Dining and Restaurants

U.S. TRENDS: Blame boomers for supper slump; “important” eateries

If you are a restaurateur, you’re justifiably worried. If you own a discount natural foods supermarket with wide aisles, you’re pretty optimistic at a new study by NPD, a market research firm. If you’re a Baby Boomer, get ready to be blamed yet again.  Supper is the restaurant industry’s largest sales generator but the meal has been the weakest performing meal period for the past decade and is still declining. According to the study, multiple factors have contributed to the decline in supper visits, the foremost being the recession and an aging U.S. population. The sheer number of aging Boomers has increased the importance of more mature adults to the supper occasion. Even before the current economic situation, consumers were shifting how they addressed their needs to feed themselves and their families at supper.  They’ve started to cook more at home.

–   The Wall Street Journal recently did a Q&A with chef Alice Waters of Chez Panisse in Berkeley:  “I’m put off by chains, and even by people who have more than one restaurant. I know how hard it is to take care of one. You have to divide your time or ask someone else to really act as an owner. But very often that person doesn’t take responsibility the way the owner does.”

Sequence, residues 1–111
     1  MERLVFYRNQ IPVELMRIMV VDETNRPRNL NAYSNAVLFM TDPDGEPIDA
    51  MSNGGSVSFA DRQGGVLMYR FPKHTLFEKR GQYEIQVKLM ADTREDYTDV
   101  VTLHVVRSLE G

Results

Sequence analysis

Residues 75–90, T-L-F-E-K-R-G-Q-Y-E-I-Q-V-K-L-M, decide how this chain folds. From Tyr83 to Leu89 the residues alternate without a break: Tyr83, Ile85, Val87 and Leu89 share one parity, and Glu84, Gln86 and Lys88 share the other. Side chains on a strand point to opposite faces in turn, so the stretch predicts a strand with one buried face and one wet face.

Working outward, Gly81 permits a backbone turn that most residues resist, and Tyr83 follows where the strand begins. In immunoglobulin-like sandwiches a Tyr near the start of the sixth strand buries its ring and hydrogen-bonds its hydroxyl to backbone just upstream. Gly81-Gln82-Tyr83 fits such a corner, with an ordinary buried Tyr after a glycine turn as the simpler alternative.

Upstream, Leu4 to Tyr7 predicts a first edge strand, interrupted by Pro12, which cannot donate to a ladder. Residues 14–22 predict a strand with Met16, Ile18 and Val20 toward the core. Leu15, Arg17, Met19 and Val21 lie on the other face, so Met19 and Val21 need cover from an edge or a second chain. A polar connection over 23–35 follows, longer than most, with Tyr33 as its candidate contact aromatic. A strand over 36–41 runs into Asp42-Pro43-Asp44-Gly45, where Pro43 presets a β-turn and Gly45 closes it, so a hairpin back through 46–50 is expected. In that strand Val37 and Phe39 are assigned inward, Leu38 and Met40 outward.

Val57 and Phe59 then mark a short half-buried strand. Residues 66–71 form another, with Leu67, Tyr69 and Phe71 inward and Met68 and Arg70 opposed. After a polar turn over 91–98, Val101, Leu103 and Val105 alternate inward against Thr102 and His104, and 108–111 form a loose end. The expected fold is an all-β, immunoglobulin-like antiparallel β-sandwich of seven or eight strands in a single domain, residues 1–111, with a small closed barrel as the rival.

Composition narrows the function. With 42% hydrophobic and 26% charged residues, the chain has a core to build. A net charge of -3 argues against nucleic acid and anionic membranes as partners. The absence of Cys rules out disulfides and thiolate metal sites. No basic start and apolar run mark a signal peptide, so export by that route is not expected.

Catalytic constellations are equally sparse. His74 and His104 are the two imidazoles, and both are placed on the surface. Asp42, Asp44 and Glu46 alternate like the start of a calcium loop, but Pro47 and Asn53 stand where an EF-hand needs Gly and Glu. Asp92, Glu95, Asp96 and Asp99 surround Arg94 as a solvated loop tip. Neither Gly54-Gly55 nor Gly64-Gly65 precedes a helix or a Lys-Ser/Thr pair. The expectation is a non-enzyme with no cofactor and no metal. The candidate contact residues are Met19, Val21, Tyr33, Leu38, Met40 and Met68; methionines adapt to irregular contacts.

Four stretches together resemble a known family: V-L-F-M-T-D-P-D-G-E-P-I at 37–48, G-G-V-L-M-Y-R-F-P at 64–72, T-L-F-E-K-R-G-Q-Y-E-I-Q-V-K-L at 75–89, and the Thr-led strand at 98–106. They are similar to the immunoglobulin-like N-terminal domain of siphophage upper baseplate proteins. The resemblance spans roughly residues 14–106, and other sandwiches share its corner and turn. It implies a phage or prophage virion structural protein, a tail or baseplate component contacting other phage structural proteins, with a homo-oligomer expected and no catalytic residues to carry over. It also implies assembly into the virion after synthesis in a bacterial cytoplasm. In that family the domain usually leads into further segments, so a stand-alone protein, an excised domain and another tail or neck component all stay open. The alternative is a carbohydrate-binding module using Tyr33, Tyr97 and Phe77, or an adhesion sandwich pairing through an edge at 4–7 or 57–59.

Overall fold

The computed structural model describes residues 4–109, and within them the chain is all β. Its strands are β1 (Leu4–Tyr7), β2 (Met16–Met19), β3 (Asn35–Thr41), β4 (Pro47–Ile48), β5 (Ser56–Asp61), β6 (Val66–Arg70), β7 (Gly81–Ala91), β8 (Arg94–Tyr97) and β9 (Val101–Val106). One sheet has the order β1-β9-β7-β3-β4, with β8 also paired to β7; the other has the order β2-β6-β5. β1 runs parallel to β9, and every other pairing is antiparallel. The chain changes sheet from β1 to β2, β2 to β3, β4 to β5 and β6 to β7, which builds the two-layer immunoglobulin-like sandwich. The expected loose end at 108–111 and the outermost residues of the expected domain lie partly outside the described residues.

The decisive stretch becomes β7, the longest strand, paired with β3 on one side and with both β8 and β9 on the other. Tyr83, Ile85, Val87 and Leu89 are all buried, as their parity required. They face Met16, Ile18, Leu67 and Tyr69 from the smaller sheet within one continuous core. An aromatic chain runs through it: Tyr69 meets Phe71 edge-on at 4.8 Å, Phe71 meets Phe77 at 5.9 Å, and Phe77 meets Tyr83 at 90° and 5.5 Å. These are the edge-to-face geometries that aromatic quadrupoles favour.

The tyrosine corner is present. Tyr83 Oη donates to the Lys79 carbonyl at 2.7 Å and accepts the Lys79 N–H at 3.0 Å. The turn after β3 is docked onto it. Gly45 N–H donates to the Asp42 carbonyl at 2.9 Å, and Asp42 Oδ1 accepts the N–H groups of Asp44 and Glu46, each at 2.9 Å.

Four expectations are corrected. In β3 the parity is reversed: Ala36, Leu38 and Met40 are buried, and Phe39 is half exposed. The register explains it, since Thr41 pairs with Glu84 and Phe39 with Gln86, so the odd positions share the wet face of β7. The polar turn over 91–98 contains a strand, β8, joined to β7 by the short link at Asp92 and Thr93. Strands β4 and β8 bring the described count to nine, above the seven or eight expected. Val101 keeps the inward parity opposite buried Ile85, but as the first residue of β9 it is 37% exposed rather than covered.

– In its third annual published dining survey, Opinionated About Dining has named the 30 Most Important
in the U.S., although it may well be the least important organization rating restaurants today. Topping their list of extremely expensive eateries is The French Laundry, Yountville, CA, followed by Per Se, New York – both owned by chef Thomas Keller; Masa, New York; Manresa, Los Gatos, CA; Blue Hill at Stone Barns, Pocantico Hills; Mini-Bar, Washington,DC; Urasawa, Beverly Hills, Ca; Jean Georges, New York; Alinea, Chicago, Il; Corton, New York, NY; Others in the Top 30 include Momofuku Ko, New York; L’ Atelier de Joel Robuchon, New York; and McCrady’s, Charleston, SC.

Comments: lehndorffj@aol.com


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